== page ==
When a group of ex-pats and I headed to the city of Ouidah, the old capital of the Beninois slave trade on the Atlantic Ocean, for the January 10 Voodoo Festival, we were certainly not initiated into the practices of voodoo. We had no idea what to expect. What we saw seemed chaotic and difficult to understand. The dancers were half-naked men and women wearing straw skirts and coated in palm oil and sand, which looked like wet yellow paint. They carried long knives, with which they cut themselves repeatedly, mainly on the legs and arms. Although many of the dancers were young, they had deep scars on their bodies. Blood ran freely as they danced, and sometimes Beninese who were not dancers would become possessed by the spirit and throw themselves into the group of dancers, who would encourage the possessed as they hurled themselves into the sand. As the dancers cut so swiftly their knives became blurs, I grabbed my friend’s wrist, unable to watch, but willing myself to remember that this was a sacred ceremony. Because there was no discernible boundaries, the watchers, a mixture of Beninese and a smattering of tourists, stood around the dancers, but had to run quite frequently as the dancers changed direction and ran towards us. Periodically men who were not clearly affiliated with the dancers would demand money from people taking photos. The dancers never used knives against each other or against the watchers, but as they were possessed it was best to give them some room.
Caroline cut into Landry and my discussion. “The majority of Beninese are Catholic and don’t like voodoo,” she said, “Voodoo has been commoditized to sell Beninese culture to tourists.”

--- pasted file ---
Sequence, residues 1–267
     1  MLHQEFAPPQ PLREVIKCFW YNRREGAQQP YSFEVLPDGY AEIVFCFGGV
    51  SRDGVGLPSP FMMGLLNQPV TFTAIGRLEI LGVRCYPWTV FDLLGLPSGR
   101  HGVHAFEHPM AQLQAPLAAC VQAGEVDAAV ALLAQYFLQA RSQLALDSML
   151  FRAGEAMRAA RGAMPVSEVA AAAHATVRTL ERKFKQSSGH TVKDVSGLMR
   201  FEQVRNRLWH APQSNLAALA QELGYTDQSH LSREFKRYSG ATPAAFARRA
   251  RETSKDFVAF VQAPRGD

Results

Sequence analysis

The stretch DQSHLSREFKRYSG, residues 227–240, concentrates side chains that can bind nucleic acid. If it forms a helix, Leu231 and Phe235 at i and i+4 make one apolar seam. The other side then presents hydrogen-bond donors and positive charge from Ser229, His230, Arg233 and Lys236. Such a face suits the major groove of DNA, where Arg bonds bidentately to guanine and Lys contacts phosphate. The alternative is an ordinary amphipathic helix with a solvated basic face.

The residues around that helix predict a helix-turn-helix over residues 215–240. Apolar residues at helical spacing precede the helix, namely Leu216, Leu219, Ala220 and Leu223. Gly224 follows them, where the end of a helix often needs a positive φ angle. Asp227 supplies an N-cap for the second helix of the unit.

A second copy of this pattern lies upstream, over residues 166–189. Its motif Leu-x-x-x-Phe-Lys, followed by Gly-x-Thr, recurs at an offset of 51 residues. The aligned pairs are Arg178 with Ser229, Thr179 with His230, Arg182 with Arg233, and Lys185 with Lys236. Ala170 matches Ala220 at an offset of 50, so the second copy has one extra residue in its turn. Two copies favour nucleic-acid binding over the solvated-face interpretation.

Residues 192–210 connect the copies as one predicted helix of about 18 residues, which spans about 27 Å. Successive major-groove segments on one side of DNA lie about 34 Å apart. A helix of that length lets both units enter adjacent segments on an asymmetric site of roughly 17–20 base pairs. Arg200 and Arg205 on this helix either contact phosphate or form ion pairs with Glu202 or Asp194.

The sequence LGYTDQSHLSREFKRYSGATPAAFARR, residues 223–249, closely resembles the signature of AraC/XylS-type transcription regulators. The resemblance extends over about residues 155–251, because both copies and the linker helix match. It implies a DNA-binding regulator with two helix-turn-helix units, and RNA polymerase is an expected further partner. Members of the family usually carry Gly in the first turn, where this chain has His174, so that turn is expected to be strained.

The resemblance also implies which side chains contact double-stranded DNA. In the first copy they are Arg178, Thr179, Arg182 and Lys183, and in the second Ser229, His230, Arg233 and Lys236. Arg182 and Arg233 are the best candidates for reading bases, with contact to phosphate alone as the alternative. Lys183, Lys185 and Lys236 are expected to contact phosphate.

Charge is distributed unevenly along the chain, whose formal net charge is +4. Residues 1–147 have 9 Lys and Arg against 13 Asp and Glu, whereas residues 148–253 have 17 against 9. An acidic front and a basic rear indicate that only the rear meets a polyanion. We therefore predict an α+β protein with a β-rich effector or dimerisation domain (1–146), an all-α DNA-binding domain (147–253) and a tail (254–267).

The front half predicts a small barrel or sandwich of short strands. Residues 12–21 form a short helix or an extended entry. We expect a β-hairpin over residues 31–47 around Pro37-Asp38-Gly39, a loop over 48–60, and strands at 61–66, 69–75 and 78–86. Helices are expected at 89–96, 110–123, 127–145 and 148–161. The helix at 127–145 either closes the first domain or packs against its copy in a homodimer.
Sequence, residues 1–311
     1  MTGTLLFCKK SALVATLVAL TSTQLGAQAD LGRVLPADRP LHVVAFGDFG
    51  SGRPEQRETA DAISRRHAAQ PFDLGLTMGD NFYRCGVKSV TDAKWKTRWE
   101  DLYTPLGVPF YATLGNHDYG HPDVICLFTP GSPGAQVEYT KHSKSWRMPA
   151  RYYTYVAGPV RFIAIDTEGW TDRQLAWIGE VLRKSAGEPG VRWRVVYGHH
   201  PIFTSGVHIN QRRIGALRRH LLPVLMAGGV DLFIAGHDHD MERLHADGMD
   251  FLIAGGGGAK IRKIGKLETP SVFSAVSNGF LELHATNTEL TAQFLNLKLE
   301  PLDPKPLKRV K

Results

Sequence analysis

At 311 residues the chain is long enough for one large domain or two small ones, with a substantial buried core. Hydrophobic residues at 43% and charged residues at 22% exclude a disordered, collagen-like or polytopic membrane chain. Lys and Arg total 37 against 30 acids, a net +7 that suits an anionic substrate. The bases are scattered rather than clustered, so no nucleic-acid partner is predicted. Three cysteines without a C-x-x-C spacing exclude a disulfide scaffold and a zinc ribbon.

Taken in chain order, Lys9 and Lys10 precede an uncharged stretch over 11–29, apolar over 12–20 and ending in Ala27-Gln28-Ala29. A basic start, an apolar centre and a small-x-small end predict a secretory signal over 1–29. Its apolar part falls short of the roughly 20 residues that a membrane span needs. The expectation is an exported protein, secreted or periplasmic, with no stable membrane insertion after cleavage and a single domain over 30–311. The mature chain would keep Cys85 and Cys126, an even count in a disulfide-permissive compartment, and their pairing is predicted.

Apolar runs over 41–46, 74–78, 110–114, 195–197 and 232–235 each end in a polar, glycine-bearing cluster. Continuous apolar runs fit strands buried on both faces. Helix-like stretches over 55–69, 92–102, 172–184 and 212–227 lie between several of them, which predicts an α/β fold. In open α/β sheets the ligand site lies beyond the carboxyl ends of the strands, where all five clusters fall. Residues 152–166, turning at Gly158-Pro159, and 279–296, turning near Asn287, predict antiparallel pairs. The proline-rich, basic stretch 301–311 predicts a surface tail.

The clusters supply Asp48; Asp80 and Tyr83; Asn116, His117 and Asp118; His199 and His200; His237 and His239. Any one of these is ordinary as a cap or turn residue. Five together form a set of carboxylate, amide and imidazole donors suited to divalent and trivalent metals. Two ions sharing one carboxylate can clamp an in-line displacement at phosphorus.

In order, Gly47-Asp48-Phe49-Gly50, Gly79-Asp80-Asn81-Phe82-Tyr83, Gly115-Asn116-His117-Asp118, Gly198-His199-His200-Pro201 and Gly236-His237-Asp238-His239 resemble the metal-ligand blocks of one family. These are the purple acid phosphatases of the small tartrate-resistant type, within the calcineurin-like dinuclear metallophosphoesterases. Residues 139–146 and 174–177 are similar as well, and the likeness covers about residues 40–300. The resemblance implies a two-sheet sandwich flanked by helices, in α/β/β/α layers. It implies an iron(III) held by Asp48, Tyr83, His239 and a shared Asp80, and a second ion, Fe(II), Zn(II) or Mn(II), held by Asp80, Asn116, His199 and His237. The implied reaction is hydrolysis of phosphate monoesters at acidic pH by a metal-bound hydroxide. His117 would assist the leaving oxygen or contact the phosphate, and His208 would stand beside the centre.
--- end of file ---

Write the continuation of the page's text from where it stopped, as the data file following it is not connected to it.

Landry protested that it was still an important part of the culture. There were some tourists at the event, but the vast majority of the people at the ceremony were Beninese.
“Do you want to be initiated into Voodoo?” Landry asked me a little jokingly, who was not initiated. “Voodoo will bring you peace.”
“Don’t listen to him!” called Rosalyne the secretary firmly from the other office.
As my group departed the ceremony, deciding not to stick around to wait for other groups, the Voodoo cortege arrived, men and women dressed in white, the religious leaders of Voodoo in the country.
Next Friday night was Alidé’s annual party. All of Alidé staff was invited. Our emcee joked that he would auction off tickets to Barack Obama’s Inauguration. For the loan officers, head office, and I, it was a night of bonding. Potato salad, spicy fish, fruit salad, and Castel beer mixed with pineapple juice competed for our attention until midnight. Afterwards, there was West African tunes, salsa, and zouk, combined with a few Beatles songs. Alidé staff hardly ever go out and work long hours, but on Friday we danced until six in the morning.
Sarah Lawson is a KF6 Fellow working at ALIDé, a microfinance NGO in Cotonou, Benin./>